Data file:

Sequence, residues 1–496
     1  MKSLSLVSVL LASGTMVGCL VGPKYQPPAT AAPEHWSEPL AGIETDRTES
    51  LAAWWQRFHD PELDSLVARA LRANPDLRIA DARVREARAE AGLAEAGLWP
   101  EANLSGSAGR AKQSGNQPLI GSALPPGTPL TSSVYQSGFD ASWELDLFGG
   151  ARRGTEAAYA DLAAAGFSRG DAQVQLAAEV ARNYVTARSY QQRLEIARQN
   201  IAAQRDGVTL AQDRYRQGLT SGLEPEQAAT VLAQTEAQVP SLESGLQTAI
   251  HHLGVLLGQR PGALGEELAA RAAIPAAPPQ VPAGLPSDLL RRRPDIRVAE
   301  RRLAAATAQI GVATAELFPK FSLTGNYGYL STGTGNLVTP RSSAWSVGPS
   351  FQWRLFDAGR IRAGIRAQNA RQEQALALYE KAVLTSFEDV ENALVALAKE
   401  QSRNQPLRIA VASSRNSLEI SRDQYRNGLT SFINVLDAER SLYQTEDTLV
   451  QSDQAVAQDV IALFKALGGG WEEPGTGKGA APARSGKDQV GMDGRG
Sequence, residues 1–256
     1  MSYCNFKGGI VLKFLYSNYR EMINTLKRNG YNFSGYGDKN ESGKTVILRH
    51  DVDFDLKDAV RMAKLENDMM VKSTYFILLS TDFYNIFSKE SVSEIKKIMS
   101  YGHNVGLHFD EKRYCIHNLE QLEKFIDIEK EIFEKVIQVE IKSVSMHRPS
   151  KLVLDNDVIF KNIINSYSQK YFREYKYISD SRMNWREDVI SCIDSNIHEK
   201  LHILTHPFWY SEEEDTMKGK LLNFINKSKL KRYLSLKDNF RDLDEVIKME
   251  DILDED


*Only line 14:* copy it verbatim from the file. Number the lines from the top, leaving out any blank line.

    51  DVDFDLKDAV RMAKLENDMM VKSTYFILLS TDFYNIFSKE SVSEIKKIMS